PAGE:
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[whatwg] Suggested changes to Web Forms 2.0, 2004-07-01 working

From: Ian Hickson <ian@hixie.ch>
Date: Tue, 17 Aug 2004 22:42:43 +0000 (UTC)
Message-ID: <Pine.LNX.4.61.0408172235250.22355@dhalsim.dreamhost.com>
On Mon, 19 Jul 2004, Jim Ley wrote:
> On Mon, 19 Jul 2004 07:54:02 +0000 (UTC), Ian Hickson <ian at hixie.ch> wrote:
>> It is the concensus of the members.
> 
> How was this consensus reached?

Over a beer in a San Jose bar, if I'm not mistaken.


> Could you at least perhaps mention some of the other approaches 
> considered for IE support and why they were rejected?

Binary plugin: rejected because it is the members' opinion that binary 
plugins would not be successful in this field without being shipped by 
default by Microsoft. (Evidence: formsPlayer, Adobe's SVG plugin, Flash 
player being successful due to being shipped by default.)

Pure Javascript solution: not rejected.

HTC solution: not rejected. Preferred due to its various self-contained 
aspects as described by Dean in an earlier mail.


> As I've said before, I do not feel HTC's are an appropriate mechanism 
> for providing this sort of support in a release environment.

Nobody is forcing you to use HTCs. :-) Just don't stop anyone else from 
using them.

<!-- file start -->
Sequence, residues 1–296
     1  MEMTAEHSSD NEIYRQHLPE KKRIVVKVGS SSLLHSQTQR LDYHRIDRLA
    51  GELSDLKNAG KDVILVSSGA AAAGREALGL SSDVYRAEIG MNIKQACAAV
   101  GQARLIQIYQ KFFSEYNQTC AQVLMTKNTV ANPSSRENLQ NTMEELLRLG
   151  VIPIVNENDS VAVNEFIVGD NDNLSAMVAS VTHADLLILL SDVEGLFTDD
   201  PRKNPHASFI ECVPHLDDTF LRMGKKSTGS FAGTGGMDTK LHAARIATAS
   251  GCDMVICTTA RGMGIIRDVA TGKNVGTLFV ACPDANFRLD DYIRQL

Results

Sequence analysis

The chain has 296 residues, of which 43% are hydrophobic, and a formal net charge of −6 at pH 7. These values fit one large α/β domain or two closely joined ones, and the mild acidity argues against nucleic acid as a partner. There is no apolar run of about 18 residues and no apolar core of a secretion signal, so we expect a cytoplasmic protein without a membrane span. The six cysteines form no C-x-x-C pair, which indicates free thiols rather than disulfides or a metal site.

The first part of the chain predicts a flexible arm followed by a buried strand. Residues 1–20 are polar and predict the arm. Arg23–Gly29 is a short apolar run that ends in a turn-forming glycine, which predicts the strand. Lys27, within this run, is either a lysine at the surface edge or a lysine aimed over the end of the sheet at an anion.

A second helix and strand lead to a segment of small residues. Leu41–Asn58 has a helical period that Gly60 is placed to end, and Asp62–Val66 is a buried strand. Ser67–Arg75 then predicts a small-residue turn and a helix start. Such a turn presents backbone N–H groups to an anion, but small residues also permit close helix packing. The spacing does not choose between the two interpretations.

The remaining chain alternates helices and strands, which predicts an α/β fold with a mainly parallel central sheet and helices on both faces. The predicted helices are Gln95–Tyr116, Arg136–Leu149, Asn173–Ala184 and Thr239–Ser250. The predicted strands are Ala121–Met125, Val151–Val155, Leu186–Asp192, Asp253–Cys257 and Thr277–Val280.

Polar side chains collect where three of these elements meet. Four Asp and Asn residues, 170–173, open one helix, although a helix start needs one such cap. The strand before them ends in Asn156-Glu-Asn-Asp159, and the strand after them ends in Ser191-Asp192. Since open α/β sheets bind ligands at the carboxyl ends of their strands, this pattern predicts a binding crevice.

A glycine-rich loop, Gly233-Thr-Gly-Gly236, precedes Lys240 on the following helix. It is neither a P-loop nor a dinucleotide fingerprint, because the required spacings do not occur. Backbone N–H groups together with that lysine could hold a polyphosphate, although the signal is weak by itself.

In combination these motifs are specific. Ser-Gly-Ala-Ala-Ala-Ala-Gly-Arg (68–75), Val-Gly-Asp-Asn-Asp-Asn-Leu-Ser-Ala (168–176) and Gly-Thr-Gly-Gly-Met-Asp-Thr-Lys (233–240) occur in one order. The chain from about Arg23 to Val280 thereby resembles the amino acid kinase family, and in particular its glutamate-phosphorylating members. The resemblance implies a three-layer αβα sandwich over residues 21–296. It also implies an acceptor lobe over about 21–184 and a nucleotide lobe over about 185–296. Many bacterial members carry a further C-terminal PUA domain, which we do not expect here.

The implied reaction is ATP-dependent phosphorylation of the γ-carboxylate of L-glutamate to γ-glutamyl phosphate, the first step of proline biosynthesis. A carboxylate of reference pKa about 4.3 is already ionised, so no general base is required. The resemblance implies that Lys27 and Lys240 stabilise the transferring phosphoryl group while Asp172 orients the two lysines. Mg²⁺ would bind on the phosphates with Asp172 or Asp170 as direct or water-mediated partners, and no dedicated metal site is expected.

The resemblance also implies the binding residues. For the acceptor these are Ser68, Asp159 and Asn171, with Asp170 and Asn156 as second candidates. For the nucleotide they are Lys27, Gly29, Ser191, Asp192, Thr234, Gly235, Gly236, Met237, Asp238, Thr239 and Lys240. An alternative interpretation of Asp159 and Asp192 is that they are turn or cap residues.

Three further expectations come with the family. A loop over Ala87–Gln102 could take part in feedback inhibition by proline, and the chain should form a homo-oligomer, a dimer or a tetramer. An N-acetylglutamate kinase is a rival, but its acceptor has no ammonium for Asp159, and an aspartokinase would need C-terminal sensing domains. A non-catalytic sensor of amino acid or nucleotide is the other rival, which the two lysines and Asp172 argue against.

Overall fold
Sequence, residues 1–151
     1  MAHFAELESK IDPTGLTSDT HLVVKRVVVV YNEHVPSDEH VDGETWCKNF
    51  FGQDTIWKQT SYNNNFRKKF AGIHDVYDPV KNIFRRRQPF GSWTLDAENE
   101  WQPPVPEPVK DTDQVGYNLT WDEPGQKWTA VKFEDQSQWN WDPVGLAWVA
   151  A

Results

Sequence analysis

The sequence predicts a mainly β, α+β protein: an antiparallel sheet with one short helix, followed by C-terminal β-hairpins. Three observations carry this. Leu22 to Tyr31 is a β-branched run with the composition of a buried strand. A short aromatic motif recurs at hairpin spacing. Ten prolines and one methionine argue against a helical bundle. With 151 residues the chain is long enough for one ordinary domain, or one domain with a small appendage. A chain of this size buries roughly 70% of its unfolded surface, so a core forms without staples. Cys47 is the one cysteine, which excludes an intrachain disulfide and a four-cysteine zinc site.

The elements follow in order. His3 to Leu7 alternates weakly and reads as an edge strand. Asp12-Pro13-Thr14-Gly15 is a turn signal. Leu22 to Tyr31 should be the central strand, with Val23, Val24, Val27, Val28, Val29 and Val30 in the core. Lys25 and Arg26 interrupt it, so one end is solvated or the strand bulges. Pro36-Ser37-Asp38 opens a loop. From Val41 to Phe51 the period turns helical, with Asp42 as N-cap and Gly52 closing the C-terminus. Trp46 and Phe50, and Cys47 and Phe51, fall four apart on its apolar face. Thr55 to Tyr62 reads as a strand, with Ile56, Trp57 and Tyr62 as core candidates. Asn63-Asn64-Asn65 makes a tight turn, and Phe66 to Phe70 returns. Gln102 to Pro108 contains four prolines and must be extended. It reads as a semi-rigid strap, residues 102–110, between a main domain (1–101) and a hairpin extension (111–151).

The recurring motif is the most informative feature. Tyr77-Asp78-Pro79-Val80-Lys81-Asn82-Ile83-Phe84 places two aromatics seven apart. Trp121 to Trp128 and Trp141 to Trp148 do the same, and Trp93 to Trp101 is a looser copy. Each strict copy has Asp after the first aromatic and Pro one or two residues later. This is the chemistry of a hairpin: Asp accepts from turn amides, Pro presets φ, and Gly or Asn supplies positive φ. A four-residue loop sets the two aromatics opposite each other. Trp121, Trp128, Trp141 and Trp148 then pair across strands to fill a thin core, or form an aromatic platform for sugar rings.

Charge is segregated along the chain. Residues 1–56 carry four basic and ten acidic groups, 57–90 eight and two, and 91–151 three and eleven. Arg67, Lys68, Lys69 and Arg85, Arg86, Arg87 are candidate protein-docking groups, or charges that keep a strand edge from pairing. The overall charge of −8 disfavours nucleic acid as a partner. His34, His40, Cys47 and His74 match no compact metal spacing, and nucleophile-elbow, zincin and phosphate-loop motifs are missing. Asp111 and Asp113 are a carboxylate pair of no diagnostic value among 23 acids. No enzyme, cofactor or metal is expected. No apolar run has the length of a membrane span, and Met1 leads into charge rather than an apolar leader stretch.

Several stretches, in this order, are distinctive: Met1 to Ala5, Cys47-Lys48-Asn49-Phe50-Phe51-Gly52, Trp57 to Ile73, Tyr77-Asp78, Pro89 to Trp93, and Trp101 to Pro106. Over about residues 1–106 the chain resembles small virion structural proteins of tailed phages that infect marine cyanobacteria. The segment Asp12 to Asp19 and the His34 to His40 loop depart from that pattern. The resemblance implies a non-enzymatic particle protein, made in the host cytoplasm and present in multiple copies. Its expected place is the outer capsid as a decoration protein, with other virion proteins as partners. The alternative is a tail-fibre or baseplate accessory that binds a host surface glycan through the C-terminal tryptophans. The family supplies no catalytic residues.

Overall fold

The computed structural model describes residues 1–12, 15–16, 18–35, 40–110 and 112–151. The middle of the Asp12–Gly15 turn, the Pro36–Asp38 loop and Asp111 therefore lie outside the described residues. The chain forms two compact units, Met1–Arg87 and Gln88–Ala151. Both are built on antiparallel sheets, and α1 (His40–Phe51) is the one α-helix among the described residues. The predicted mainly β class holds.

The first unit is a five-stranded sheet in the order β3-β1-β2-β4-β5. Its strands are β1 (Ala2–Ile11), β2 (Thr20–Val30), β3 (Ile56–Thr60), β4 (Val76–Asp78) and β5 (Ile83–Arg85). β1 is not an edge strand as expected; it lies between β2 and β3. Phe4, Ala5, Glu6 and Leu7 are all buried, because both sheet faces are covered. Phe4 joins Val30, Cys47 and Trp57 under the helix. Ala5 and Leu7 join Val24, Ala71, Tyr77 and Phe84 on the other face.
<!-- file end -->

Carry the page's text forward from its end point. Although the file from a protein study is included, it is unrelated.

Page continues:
> > > How are these oninvalid events dealt with in legacy FireFox, Opera, 
> > > Safari, Konqueror etc. ?
> > 
> > By not doing them at all. Legacy UAs are expected to not support WF2, 
> > and thus WF2 degrades into current "stupid" HTML in those UAs. (This 
> > is also a requirement. It has to degrade gracefully.)
> 
> So it's the expectation of the WHAT-WG that users of Mozilla, Safari and 
> Opera will get a severely degraded experience unless they upgrade their 
> browsers?  Well as I said before - it's one way to drive Opera sales.

Oddly enough, Opera, Mozilla and Apple do not think it is unusual for them 
to add new features to their products and hope that existing users of 
previous version of those products upgrade to the new releases. In fact, 
when we researched this, we discovered it was standard industry practice, 
and a good way to stay in business.

We wouldn't really have to worry about back-compat at all if it wasn't for 
Microsoft stalling IE development, since if it wasn't for Windows IE 
there's a good chance we'd all be writing XHTML by now, meaning that 
instead of extending HTML4, we could be working with standards such as 
SVG, XForms, RDF, and the like.

-- 
Ian Hickson               U+1047E                )\._.,--....,'``.    fL
http://ln.hixie.ch/       U+263A                /,   _.. \   _\  ;`._ ,.
Things that are impossible just take longer.   `._.-(,_..'--(,_..'`-.;.'
Received on Tuesday, 17 August 2004 15:42:43 UTC

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